Shannon Tharp is the author of The Cost of Walking (Skysill Press, 2011) and Vertigo in Spring (The Cultural Society, 2013). Her work has recently appeared or is forthcoming in Everyday Genius, Hidden City Quarterly, Typo, Verse, and The Volta. She lives in Laramie, where she is a librarian at the University of Wyoming.
Tim Van Dyke has published Topographies Drawn with a Divine Chain of Birds (Lavender Ink 2011), Fugue Engine (Cannibal 2011), and Light on the Lion’s Face: A Reading of Baudrillard’s Seduction (Argotist 2012). His work has appeared in Drunken Boat, Fascicle, Red-headed Stepchild, Typo, and elsewhere.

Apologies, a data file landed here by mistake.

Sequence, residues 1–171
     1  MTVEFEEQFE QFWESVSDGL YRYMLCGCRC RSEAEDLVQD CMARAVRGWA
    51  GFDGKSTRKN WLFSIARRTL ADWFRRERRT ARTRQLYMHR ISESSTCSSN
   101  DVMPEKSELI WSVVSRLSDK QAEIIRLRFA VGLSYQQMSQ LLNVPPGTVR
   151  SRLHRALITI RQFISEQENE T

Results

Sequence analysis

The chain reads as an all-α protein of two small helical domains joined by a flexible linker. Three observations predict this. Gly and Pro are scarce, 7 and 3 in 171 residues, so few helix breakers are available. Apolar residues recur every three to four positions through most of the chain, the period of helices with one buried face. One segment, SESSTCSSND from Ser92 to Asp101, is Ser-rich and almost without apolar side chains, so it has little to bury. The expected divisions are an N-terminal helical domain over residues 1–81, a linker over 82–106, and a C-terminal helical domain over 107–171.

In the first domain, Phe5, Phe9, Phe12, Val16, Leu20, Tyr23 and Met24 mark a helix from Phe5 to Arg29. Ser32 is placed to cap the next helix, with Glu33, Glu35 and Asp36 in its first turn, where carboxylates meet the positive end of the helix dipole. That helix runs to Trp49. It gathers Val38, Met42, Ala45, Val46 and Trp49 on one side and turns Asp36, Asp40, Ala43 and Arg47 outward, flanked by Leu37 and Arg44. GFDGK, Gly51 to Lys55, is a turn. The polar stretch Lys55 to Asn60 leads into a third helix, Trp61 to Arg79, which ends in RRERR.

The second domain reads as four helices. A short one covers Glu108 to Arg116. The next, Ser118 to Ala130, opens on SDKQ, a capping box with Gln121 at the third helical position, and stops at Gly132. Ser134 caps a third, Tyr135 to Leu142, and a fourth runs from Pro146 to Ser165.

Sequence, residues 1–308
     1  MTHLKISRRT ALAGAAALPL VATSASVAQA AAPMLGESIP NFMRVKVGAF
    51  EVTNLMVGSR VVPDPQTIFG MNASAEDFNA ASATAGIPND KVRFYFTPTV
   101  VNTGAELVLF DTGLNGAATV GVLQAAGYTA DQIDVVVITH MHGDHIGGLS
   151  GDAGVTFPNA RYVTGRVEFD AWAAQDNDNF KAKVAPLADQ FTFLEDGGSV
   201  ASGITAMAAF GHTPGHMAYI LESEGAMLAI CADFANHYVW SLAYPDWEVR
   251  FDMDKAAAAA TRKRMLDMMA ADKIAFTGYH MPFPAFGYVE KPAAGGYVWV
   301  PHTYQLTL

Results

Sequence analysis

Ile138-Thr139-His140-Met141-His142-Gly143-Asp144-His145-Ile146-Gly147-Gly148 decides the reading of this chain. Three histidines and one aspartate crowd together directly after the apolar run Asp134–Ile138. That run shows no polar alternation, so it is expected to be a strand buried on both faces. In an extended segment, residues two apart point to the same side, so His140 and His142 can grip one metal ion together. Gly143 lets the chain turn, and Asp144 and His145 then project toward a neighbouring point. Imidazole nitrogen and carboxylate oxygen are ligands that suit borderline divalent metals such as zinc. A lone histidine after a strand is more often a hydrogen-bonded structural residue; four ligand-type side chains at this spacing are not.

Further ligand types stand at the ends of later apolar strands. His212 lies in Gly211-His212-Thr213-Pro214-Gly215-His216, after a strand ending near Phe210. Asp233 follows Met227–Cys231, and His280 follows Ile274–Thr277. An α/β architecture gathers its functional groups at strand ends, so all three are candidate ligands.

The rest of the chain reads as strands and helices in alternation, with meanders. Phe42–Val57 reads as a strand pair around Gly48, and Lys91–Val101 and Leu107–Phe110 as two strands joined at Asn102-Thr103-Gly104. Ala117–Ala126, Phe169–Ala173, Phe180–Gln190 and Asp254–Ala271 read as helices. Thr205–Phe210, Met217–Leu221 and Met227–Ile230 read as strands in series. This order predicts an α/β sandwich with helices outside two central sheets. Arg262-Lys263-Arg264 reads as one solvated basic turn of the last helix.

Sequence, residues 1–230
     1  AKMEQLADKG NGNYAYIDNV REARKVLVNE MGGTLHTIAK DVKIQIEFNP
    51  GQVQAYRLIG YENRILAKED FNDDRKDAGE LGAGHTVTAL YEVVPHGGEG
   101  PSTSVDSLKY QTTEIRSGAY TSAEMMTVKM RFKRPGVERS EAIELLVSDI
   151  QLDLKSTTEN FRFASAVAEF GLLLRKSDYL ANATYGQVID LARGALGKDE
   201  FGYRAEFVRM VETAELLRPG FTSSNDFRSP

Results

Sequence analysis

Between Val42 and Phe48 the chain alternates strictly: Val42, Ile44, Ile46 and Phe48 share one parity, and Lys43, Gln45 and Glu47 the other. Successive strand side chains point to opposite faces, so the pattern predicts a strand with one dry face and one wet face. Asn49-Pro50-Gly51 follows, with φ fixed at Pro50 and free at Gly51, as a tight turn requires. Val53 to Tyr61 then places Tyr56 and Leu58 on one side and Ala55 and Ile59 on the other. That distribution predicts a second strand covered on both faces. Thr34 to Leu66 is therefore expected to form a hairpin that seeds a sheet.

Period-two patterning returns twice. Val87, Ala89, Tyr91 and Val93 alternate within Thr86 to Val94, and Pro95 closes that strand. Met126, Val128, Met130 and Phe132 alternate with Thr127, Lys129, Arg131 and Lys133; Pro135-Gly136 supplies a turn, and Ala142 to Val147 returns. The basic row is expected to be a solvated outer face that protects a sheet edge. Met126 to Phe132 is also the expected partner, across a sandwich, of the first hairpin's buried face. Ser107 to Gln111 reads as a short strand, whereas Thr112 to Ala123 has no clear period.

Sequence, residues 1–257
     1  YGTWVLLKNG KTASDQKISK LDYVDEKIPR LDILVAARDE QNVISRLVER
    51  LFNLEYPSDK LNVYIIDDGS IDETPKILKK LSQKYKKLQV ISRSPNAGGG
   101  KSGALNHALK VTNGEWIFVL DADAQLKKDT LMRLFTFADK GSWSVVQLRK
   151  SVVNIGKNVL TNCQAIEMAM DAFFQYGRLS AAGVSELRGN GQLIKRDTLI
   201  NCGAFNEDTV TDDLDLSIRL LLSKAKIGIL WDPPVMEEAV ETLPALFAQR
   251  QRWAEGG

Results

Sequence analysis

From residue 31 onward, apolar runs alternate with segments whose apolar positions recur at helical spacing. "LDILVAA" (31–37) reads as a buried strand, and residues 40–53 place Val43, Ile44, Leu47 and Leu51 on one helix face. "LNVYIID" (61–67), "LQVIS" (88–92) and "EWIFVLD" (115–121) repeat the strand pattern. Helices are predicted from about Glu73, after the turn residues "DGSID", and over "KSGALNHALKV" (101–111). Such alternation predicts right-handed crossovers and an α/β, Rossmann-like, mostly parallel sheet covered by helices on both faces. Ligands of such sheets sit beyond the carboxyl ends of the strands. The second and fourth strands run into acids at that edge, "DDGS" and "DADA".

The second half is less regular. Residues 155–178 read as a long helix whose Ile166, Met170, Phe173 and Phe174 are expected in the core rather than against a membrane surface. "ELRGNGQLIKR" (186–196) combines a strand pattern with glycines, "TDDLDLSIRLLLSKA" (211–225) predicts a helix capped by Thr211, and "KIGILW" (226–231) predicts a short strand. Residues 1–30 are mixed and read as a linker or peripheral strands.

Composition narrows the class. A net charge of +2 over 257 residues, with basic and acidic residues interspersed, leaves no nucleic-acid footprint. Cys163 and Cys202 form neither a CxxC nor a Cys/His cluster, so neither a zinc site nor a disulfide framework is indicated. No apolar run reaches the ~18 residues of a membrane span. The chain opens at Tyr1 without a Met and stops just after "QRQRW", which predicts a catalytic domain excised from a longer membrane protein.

Deborah Woodard’s most recent collection is Borrowed Tales (Stockport Flats, 2012). She has translated the poetry of Amelia Rosselli from Italian: The Dragonfly, A Selection of Poems: 1953-1981 (Chelsea Editions, 2009). Her translation of Rosselli’s Hospital Series is forthcoming from New Directions. She holds a doctorate in English from the University of Washington and teaches hybrid reading and creative writing classes at the Richard Hugo House in Seattle.